First Responders

‘I Got You’ — Watch Cops Save Woman From Drowning, Family From Burning Home

July 23, 2021Joshua Skovlund
"I got you" police rescues

Screenshots from videos of two incidents that occurred almost within the space of 24 hours: In one, police pulled a woman from her submerged car in Florida; and an officer braved flames to catch people jumping from the second floor of a burning house in New York. Composite by Joshua Skovlund/Coffee or Die Magazine.

Police in Florida and New York were caught on body cameras performing acts of courage and comfort with the same three words — “I got you” — as they helped a family escape a burning building and pulled a trapped woman from a flooded car. 

Officer Peter Dolci with the Melbourne Police Department in Florida was in the middle of a traffic stop Tuesday when a person ran over and frantically told him that a vehicle had just crashed into a nearby river. Dolci rushed to the scene to find a half-submerged car, with the driver’s head being held just above the water by another occupant. Body-camera footage obtained by Coffee or Die Magazine shows Dolci rushing to the vehicle and calmly issuing instructions to the man inside before tearing off the shattered windshield of the vehicle.

Throughout, he tells the two in the car, “I got you.”

"I got you" police rescues
Melbourne, Florida, police extracted a woman caught underwater inside her car by pulling off the windshield while the car was half-submerged. Photo courtesy of the Melbourne Police Department.

The man inside the vehicle then pulls the woman out of the car, and Dolci helps carry her from the water. Dolci and another officer, Luke Dummer, quickly determine that the woman is not breathing and start CPR. She soon coughs up a large amount of water but remains unconscious.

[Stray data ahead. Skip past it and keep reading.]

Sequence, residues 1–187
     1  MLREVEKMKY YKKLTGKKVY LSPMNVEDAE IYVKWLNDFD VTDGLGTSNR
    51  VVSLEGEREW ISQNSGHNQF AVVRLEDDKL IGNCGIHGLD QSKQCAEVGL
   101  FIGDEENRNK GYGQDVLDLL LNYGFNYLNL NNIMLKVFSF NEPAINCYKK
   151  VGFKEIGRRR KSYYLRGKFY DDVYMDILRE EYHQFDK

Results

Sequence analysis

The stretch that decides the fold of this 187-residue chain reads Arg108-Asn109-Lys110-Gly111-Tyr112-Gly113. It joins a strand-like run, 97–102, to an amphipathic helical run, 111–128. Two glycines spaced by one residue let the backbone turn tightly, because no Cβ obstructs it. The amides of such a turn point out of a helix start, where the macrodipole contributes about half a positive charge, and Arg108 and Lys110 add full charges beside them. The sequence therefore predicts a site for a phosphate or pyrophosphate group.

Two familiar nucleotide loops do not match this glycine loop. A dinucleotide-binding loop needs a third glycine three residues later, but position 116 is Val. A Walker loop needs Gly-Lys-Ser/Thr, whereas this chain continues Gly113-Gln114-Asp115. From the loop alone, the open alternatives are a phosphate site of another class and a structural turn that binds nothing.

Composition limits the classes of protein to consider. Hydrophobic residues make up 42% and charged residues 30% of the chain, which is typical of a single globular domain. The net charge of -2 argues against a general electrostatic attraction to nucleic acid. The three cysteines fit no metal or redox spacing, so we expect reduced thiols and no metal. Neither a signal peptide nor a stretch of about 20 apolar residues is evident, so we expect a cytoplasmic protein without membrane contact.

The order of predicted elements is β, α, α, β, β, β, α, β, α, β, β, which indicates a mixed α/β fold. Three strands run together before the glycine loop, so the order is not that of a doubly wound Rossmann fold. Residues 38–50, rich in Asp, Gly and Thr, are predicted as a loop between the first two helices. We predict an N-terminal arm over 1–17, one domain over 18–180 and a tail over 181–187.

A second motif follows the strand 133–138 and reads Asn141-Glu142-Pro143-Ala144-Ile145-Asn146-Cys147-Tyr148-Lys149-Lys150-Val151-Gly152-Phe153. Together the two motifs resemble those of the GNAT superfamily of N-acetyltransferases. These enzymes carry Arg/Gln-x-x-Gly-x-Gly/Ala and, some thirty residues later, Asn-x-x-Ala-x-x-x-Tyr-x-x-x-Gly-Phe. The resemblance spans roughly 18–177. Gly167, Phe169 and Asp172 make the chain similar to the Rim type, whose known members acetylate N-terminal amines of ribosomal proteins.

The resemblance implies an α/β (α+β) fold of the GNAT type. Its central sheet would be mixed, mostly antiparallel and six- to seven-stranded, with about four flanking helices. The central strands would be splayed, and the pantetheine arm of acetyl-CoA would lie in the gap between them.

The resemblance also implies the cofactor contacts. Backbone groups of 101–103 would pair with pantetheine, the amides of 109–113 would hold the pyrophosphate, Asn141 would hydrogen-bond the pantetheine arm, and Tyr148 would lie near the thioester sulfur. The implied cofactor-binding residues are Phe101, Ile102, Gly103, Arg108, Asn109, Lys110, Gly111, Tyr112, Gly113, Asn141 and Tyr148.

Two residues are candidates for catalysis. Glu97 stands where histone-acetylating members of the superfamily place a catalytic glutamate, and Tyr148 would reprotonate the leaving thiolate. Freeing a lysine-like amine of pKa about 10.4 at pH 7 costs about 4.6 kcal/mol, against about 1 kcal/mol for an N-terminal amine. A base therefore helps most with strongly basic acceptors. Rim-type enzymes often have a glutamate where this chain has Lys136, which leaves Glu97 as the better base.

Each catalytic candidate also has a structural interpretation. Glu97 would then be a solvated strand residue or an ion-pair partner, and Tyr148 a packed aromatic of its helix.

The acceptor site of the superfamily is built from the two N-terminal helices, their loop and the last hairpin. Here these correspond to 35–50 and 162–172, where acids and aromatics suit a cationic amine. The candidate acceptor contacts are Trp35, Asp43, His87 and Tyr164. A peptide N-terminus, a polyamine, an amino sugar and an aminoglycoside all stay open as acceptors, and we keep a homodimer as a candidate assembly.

At one point, Dummer assists Dolci with rolling the woman onto her side, and he executes what appears to be side compressions, helping the woman expel water out of her lungs. Dolci also returns to the submerged vehicle to ensure there are no other passengers. 

As of Tuesday, the woman was in stable condition at a local hospital.

Just a day before, Jamestown, New York, police Officer Mark Conklin was the first on the scene at a house fire Monday when he realized members of a family were still inside. While braving the extreme heat, Conklin pulled people from the burning house on the main floor, instructing them to run to safety. He then heard screaming from the side of the house and ran around to where children and an adult were shouting from the second-floor window. 

Conklin instructed them to jump, saying he would catch them. They jumped, and he caught each of them — an act recorded by his body camera — and moved them to safety.

As he moves with the family, he repeats, “I got you.”

In a post to Facebook, Jamestown Police Chief Tim Jackson praised Conklin for his bravery. 

“I can say that I have seen many examples of heroism over the years by officers,” Jackson said. “After watching the video of this incident and speaking to others involved, I can say that the actions of Officer Conklin were, to say the least, one of the most outstanding examples of bravery, heroism, and exemplary service I have seen.” 

Editor’s Note: This article has been updated to reflect the proper spelling of Officer Luke Dummer’s name.

Read Next: WATCH: Firefighters Extract Naked Woman From 8-Inch Gap in Concrete Wall

Joshua Skovlund
Joshua Skovlund

Joshua Skovlund is a former staff writer for Coffee or Die. He has covered the 75th anniversary of D-Day in France, multinational military exercises in Germany, and civil unrest during the 2020 riots in Minneapolis. Born and raised in small-town South Dakota, he grew up playing football and soccer before serving as a forward observer in the US Army. After leaving the service, he worked as a personal trainer while earning his paramedic license. After five years as in paramedicine, he transitioned to a career in multimedia journalism. Joshua is married with two children. His creative outlets include Skovlund Photography and Concentrated Emotion.

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